March 22, 2018

The Truth Behind “That Player is Not a Scheme Fit”

The 2014 NFL Draft is approaching and the draft prospects are being looked at from every angle from NFL personnel to the average fan. People have their favorite players entering the draft, but there has been one trending topic when discussing players that seems to lack validity.

It seems that there is a thought that if a certain player is “not” a scheme fit for a NFL team there is justification to take a lesser player that might be a better fit. To help us debunk this myth we talked to John Harris from The Sideline View and resident draft guru to discuss this trend.


Debunking the Myth

PDS: John, there is a statement we keep seeing regarding prospects in the NFL Draft that concerns me. The idea that a player is not a scheme fit which leads to the discussion that a lesser prospect could be the better choice because of scheme not skill. Is there any truth to this?



Five years ago, maybe I’d buy that, Pat. Maybe.

Not now.  Not at all.  Now, I do think there are particular guys that are horrible fits for certain schemes.  But, teams are so multiple currently that if a guy doesn’t fit one scheme, he may excel in  packages in others.  I think scheme versatility is the greatest thing a single player can have to increase his value but if he doesn’t, he can’t be written off with the multiplicity in today’s game. 

It’s not a simple as 3-4 vs 4-3 any more and I don’t think it was ever that simple to be honest.  I think it’s been a convenient excuse to blame scheme when a player doesn’t succeed.  The fit may not be perfect but a player, a true player, can make it work.  Earl Mitchell is a perfect example of not being the perfect scheme fit, yet having decent success.  He’s a prototypical three technique tackle in an even front but he played well as a one gap nose tackle.  You can argue that those two positions are more similar than at first glance, but guess what, a lot of them are.If a guy can play, he’ll prove it. In any scheme.


PDS: Do you feel any position could fall into this description of not being a scheme fit? Maybe the offensive line?



Still think the lines are as blurred as ever.  There are still guys that aren’t great fits in particular schemes but offenses are rarely one dimensional anymore.  Very few are running solely zone or just power.  Secondaries are playing zone and man, sometimes both on the same play.  Great receivers are moved into the slot to win the match up from there.  Again, I think there are poor fits in a particular scheme everywhere but the game has colored outside the lines for good and I don’t think it’s coming back.  So, draft a player with skills, forecast what you think he can do then coach him up and win.  Simple, no?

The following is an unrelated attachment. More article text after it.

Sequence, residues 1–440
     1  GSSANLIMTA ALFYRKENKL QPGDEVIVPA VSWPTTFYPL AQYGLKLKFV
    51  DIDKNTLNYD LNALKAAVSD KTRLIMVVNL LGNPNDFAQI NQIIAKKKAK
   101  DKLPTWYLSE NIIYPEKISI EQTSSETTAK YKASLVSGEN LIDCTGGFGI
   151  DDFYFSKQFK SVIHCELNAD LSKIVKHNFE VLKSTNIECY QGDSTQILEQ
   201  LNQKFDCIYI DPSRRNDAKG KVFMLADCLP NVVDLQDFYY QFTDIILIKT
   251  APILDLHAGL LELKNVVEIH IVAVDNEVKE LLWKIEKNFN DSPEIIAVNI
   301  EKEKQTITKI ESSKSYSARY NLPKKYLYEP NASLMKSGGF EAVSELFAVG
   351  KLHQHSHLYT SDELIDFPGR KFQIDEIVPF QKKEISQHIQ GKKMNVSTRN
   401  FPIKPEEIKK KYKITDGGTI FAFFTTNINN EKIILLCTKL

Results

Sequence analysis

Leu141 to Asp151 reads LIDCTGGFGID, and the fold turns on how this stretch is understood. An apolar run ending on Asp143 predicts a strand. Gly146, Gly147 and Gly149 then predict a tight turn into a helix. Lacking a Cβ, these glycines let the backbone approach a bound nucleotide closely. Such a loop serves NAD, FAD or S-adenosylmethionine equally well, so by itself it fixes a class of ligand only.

That said, I think for offensive lineman it’s even less of an excuse for scheme fit.

The tough part about it is that our experience here has been zone blocking scheme, with a hyper-focus on that scheme.

I’d boil it down to this: find a football player and figure it out until you’re good enough to know specifically what you lack.  If player doesn’t succeed, it’s not the scheme’s fault.



More than ever it is up to coaches to adjust their scheme to players than vice versa. The Texans have dealt with the “scheme fit” ideology under Gary Kubiak’s tenure as head coach and General Manager Rick Smith talked about “positional parameters” in regards to prospects last offseason. Thinking like that leads to missing on better prospects at times due to the Texans overlooking them because of the lack of height, weight or other measurables.

Now under new Head Coach Bill O’Brien there could easily be a shift in thinking on what players are taken in the draft and in 4 weeks there will be a better feeling on what exactly is being looked for by O’Brien and his staff.

Is this a flawed argument in regards to players not fitting a scheme or is justified to pass on a better player for a lesser player because of it?

Give your thoughts below.


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